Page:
Is this a bad way of doing things (if that is what he is doing), I have not the foggiest, but it is dramatically different, and I think that is what might throw people off (the rockers)…

      2. Trump’s madness strikes me as more of a piece with Lear than Hamlet.

        Hell, he even seems to enjoy making his three oldest kids compete for his attention.

      3. I’d say he’s an extreme case of mental neoteny. That is, he has the emotional maturity of a five-year-old. He’s learned how to imitate grown-ups sufficiently to pass as one, buffered by his millions, but he hasn’t ever developed any respect for truth or facts. The ‘truth’ is whatever is most convenient at the time and ‘facts’ are things to be made up and repeated – like kiddies going ‘nyah nyah nyah’ – until the other side just gets weary of trying to argue.


        1. You’re right, he’s a true man-child. What might have been cute or dismissable in a kid is ugly in an adult and terrifying in a president.

    4. From what I know about Trump, I think that if he visits a psychiatrist for evaluation, he wouldn’t come out without a diagnosis, though he is very far from being legally insane.

  2. I do enjoy Andrew Sullivan’s analysis, but it has always amazed me how someone so rational could maintain religious faith. His faith is Yoda-esque, kind of a ‘do-not do’. For a man of faith he puts a lot of stock in doubt. On the other hand, that is why it does not bother me in the way the damnable certitude of a Ken Ham or Ray Comfort does.

    1. ‘Tis one of life’s profound mysteries that people like Sullivan continue to support the Catholic Church and the attendant woo and nonsense. Mysterious ways.

      1. I know, it’s frustrating. But his podcast discussion with Sam Harris is the single most brilliant, coruscating takedown of Trump I’ve heard anywhere. Unlike many public figures they both understand how dangerous Trump is AND manage to get it across despite being hamstrung by a language that has been devalued by constant hysterical, exaggerated declamations against perfectly ordinary politicians. People tend to yawn these days when you call a politician ‘dangerous’ because years of Blair, Bush, Cameron, etc. being described as ‘evil’, or ‘satanic’, or ‘warmongerers’ has so debased the public vocabulary. It takes a brilliant mind and a grasp of a striking metaphor to cut through that.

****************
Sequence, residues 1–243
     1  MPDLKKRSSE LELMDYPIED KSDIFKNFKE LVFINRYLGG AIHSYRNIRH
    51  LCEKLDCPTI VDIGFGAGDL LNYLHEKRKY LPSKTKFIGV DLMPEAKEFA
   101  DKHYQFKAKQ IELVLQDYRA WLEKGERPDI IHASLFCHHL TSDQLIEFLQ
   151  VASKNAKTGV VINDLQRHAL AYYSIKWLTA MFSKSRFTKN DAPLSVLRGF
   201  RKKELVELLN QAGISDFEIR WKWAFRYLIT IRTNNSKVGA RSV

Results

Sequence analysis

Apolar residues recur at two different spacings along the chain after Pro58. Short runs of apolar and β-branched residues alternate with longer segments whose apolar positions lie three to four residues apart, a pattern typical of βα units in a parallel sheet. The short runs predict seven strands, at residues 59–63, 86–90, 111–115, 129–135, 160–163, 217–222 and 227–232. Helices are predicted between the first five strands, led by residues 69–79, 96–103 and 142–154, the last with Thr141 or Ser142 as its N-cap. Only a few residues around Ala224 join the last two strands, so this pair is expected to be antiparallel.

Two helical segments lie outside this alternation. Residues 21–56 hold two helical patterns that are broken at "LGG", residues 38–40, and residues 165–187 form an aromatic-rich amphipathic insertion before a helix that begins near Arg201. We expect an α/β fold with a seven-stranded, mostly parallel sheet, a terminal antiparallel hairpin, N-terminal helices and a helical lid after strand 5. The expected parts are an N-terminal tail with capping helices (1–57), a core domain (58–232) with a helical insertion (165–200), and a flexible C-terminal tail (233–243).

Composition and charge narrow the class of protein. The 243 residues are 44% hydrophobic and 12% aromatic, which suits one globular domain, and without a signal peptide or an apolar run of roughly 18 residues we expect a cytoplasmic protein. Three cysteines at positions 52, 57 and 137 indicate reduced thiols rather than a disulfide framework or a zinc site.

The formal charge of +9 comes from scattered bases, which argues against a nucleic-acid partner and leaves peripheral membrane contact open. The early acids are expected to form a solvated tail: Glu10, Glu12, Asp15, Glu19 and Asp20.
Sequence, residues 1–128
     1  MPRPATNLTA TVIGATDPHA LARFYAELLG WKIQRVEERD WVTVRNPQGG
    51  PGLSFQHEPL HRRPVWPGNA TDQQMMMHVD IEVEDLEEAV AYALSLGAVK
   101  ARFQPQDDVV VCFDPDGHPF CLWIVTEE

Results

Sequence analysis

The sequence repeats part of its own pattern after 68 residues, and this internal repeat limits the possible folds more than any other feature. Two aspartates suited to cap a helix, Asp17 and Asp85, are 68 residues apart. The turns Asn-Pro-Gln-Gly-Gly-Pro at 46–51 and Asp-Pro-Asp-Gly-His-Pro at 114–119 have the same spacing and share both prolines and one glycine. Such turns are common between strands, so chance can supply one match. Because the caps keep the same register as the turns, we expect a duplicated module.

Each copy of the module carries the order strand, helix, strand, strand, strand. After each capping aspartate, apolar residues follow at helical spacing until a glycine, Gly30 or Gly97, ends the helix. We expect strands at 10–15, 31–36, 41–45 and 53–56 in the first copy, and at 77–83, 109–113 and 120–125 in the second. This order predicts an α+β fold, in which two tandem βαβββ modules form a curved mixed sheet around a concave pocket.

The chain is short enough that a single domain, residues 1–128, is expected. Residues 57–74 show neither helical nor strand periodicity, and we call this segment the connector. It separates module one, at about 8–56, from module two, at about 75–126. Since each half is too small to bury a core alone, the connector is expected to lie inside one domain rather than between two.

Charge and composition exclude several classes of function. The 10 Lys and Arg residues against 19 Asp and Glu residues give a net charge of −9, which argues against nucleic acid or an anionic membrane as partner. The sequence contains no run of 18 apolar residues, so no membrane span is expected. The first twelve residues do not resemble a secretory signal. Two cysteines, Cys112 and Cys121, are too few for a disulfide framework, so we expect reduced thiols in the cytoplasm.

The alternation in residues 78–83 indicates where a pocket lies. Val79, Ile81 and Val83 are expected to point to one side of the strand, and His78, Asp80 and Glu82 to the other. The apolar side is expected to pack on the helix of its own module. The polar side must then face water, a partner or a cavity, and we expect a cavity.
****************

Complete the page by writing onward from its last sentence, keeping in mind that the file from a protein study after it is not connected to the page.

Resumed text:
And I find myself a lot more willing to set aside his religion now than I would have a year ago. In the context of unity against a recrudescent far-right it borders on irrelevant.

  3. I think this is a fundamental reason why so many of us have been so unsettled, anxious, and near panic these past few months.

    No, his crazy hyperbolic speeches and tweets don’t really bother me. What causes me anxiety is putting DeVos in charge of Education. Rick Perry in charge of sustaining our nuclear arsenal. Issuing executive orders that stop US permanent residents from re-entering the country. Ticking off the governments of Australia and Mexico in the same month. Ordering federal agencies to remove scientific information from their web sites.

    If Trump wants to complain about how horrible the world is today, well, that just makes him a typical 70-year-old. His crazy policy actions are what’s unsettling.

    1. It could be that Trump doesn’t have the faculties or knowledge to make rational decisions about whom to appoint to offices or making policy decisions. Consequently, all these acts are actually decided by others and Trump is simply the mouthpiece to announce them. And, it would appear that Trump is under the influence of the extreme rightists such as Steve Bannon. This is the danger as we have seen so acutely over the last few weeks.